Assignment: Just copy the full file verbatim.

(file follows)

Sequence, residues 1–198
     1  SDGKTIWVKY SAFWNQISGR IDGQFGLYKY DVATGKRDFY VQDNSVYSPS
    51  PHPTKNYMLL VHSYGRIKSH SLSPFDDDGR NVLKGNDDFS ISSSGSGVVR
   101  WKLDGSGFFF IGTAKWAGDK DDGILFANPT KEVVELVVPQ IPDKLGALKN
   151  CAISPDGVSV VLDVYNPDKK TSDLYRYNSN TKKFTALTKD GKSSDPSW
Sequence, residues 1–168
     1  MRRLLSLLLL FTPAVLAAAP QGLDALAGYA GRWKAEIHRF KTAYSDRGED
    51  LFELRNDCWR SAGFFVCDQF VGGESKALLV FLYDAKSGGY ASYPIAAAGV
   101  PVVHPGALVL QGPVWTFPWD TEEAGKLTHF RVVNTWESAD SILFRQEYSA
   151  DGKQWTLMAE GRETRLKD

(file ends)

Sequence, residues 1–198
     1  SDGKTIWVKY SAFWNQISGR IDGQFGLYKY DVATGKRDFY VQDNSVYSPS
    51  PHPTKNYMLL VHSYGRIKSH SLSPFDDDGR NVLKGNDDFS ISSSGSGVVR
   101  WKLDGSGFFF IGTAKWAGDK DDGILFANPT KEVVELVVPQ IPDKLGALKN
   151  CAISPDGVSV VLDVYNPDKK TSDLYRYNSN TKKFTALTKD GKSSDPSW
Sequence, residues 1–168
     1  MRRLLSLLLL FTPAVLAAAP QGLDALAGYA GRWKAEIHRF KTAYSDRGED
    51  LFELRNDCWR SAGFFVCDQF VGGESKALLV FLYDAKSGGY ASYPIAAAGV
   101  PVVHPGALVL QGPVWTFPWD TEEAGKLTHF RVVNTWESAD SILFRQEYSA
   151  DGKQWTLMAE GRETRLKD